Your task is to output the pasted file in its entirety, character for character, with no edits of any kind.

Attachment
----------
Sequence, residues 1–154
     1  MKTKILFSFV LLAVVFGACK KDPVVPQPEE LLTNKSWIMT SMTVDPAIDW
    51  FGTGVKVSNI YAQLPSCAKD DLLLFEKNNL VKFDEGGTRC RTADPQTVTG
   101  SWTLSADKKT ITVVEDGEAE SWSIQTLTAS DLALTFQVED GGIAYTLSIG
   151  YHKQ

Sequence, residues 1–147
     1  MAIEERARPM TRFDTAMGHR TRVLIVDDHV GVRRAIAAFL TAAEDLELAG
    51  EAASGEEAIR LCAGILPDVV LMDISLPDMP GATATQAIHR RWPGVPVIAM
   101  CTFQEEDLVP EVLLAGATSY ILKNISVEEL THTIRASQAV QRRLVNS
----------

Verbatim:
Sequence, residues 1–154
     1  MKTKILFSFV LLAVVFGACK KDPVVPQPEE LLTNKSWIMT SMTVDPAIDW
    51  FGTGVKVSNI YAQLPSCAKD DLLLFEKNNL VKFDEGGTRC RTADPQTVTG
   101  SWTLSADKKT ITVVEDGEAE SWSIQTLTAS DLALTFQVED GGIAYTLSIG
   151  YHKQ

Sequence, residues 1–147
     1  MAIEERARPM TRFDTAMGHR TRVLIVDDHV GVRRAIAAFL TAAEDLELAG
    51  EAASGEEAIR LCAGILPDVV LMDISLPDMP GATATQAIHR RWPGVPVIAM
   101  CTFQEEDLVP EVLLAGATSY ILKNISVEEL THTIRASQAV QRRLVNS